Saturday, 15 August 2009

Serena Korda talks to Rachel Potts at the Royal College of Art about her recent MA show, Building the Matterhorn

RP: You wouldn’t necessarily think you were a printmaking student.

SK: I didn’t do printmaking before I came here, but I was drawn to the democratic nature of self-publishing. The book really brought the films in the show together, and there’s a lot of my family in it.

RP: It’s about where things come from isn’t it?

SK: Yes, history and autobiography are a big part of the work. The first film I made here was from footage of my father doing handstands in front of another woman; a crazy ‘how to flirt’ film. The up and down motif was there, and I became obsessed with this idea of digging a hole.

RP: Why?

SK: I was referring back to, and almost respectfully parodying, art from the 1970s; ‘men digging holes’, and the history of women digging holes. It was strange; I realised I was digging myself a hole, a self-burial, but at the same time creating a mountain. I also became interested in Speaker’s Corner, seeing people get up onto these crazy platforms and spout rubbish. There’s a conversation in the book between myself and one speaker talking about a David-Ike-reptile idea of survival and morality.

I was obsessing about digging a hole, so I dug one in my cousin’s back garden, and it became quite theatrical and Beckett-like. It had the potential to call people towards it, inverting the idea of being raised up on something; it was just as attention grabbing and absurd as getting up on a ladder.

I was also interested in female explorers of the 19th century, and the piece retells the history of the American mountaineer Annie Smith Peck. Her writing, among other female writing of the time, has a really interesting humility to it; an admittance of failure. She painted a moustache on her balaclava, and in my eyes she’s very feminist. She employed two men to help her climb a mountain in Peru in 1908. One of the men stalled her all the way and ruined any chance of her recording the trip, eventually unchaining himself and going to the summit before her. She admits all this, and although in terms of recording and proof, it was a failure, she obviously did it. That’s that interesting thing about recording, history, and authenticity.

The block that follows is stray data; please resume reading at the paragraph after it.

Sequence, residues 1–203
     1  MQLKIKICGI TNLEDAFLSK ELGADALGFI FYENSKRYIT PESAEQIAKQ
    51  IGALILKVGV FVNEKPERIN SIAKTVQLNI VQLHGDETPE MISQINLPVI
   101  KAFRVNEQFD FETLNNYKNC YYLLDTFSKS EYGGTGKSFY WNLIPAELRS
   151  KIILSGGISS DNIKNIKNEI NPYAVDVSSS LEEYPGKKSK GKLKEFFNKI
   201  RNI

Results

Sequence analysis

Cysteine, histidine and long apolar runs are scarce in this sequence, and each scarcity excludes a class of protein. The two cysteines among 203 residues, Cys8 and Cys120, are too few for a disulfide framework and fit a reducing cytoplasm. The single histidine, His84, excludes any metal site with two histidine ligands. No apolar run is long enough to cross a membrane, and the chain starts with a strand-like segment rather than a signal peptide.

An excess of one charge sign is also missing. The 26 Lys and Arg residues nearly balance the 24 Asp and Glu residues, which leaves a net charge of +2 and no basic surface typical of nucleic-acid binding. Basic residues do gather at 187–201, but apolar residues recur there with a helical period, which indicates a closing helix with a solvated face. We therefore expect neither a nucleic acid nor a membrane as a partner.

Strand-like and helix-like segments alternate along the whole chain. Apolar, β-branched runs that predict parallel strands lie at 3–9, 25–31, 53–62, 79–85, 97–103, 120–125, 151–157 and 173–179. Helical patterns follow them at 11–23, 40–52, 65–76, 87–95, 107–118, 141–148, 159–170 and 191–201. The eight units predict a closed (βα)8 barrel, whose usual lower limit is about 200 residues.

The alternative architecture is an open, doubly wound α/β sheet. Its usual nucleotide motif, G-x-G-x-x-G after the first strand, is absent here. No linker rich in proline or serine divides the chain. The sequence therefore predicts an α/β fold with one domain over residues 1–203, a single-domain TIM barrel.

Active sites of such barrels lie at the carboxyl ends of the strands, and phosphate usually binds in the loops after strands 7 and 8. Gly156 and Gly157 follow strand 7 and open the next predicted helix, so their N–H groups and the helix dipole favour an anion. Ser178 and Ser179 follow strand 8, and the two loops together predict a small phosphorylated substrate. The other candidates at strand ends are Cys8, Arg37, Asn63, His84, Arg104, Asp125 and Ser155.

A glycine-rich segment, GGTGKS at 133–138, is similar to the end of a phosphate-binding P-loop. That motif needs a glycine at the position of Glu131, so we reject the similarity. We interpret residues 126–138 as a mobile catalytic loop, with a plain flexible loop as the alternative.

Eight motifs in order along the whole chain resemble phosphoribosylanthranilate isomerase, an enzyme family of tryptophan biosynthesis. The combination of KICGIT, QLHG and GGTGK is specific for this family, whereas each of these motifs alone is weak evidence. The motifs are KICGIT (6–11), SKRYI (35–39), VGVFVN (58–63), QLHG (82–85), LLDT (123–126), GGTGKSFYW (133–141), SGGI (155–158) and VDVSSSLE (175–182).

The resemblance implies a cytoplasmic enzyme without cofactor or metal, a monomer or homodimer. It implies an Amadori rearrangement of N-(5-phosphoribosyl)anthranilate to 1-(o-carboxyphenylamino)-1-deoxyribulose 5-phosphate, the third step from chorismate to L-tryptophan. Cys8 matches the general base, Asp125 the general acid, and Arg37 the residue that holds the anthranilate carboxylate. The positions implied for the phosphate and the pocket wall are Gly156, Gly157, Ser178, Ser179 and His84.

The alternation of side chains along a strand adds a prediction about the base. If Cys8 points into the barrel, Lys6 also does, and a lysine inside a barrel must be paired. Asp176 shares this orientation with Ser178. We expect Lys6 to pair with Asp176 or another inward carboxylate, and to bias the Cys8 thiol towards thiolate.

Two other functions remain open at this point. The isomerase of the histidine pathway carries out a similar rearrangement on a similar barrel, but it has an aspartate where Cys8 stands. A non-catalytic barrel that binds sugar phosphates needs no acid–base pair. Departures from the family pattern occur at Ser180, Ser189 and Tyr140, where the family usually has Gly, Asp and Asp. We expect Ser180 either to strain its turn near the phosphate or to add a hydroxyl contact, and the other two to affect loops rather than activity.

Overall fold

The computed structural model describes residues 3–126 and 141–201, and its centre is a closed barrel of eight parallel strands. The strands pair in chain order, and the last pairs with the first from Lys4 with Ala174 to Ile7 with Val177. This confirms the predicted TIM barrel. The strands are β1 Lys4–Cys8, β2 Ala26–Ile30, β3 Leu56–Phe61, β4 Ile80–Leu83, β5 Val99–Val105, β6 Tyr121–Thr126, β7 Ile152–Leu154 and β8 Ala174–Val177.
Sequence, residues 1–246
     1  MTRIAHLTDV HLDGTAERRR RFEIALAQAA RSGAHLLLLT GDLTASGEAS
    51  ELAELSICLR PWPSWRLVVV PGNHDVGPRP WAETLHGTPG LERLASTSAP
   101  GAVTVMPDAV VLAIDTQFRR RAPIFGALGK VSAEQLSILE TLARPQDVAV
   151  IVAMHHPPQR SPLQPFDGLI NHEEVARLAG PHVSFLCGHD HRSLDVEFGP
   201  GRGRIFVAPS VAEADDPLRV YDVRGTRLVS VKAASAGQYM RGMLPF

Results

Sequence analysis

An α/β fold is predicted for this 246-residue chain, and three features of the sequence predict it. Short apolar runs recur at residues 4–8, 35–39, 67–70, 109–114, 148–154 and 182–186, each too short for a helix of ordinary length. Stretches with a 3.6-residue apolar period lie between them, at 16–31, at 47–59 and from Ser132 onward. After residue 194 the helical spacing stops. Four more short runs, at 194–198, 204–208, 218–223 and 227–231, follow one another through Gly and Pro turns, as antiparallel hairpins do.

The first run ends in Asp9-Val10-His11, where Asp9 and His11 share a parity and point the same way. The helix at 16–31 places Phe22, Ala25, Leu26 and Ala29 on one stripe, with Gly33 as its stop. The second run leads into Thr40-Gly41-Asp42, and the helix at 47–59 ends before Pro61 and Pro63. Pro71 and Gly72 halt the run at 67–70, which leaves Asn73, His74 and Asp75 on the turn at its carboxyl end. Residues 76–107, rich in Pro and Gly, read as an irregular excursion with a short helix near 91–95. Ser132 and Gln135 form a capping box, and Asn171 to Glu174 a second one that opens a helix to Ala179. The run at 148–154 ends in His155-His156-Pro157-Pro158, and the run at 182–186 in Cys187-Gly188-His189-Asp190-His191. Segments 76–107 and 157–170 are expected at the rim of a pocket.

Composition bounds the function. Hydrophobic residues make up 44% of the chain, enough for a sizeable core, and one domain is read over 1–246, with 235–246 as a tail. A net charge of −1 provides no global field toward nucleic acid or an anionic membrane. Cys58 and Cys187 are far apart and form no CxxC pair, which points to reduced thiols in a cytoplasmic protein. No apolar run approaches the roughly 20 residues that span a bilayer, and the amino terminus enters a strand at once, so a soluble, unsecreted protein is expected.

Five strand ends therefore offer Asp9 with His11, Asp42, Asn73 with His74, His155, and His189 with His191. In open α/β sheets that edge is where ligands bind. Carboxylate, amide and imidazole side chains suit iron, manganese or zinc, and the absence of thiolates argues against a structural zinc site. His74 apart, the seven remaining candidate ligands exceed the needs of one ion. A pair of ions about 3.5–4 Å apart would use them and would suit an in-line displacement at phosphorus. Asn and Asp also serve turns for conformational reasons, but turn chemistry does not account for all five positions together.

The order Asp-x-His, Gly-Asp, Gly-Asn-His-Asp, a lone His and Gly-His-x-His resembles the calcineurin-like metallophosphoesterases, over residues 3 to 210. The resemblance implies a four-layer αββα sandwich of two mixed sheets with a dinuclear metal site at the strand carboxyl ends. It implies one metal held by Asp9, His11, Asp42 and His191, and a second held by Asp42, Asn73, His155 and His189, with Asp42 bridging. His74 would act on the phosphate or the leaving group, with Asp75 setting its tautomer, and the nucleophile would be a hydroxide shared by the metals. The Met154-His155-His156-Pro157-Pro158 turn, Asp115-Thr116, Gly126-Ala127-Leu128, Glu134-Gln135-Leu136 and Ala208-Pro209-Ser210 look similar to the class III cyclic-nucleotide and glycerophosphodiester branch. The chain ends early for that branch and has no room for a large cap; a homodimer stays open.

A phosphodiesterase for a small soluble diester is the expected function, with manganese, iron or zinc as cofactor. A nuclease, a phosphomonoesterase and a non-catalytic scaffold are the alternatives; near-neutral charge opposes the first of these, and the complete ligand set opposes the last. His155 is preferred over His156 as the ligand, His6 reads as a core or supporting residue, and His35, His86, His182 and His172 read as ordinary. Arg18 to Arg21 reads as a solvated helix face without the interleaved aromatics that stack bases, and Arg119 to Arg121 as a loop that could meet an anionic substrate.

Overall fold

RP: Is the voiceover on the film from her writing?

SK: Yes it’s her account of the climb edited. I also became really interested in the Matterhorn, which Peck had previously climbed. The peak is often the only part that gets completed in representation, and it’s the only goal. The imagery in the film comes from the building of the Disneyland Matterhorn in 1951 and I wanted to repossess that imagery. I like the idea of breaking down illusions and peeling back layers. Mountain climbing is inspired by a desire to conquer nature and replicating this in a theme park is a similar attempt or aspiration, and a ridiculous one too. The hole-digging has a more obvious kind of futility, but they reflect each other.

RP: The film also shows this really nerdy-boy exploit.

SK: Yes, I was very much playing on the amateurism of it, the hobbyist, railway-model-making nerd. It also references Close Encounters of the Third Kind and that obsession of a vision; Richard Dreyfuss repeatedly building a mountain in his room.

RP: The objects, like the cupboard for your earlier Library of Secrets and the TV cabinet in your degree show, are beautiful retro objects.

SK: I design them and make them all with a cabinet-maker, they’re not bought even though they look like it. I want that slippage with the work. It harks back to this idea of objects possessing a history or life, being imbued with time. They’re talismans.

That’s my next project. I went to Paris and discovered this old puppet theatre, preserved in time, which also acted as a metaphor for my desire to communicate through gesture on a very basic level, after doing my Art on the Underground project which was very cerebral. I became obsessed with the idea of seeing backstage and I want to do a series of live events based around puppetry and showing how it works.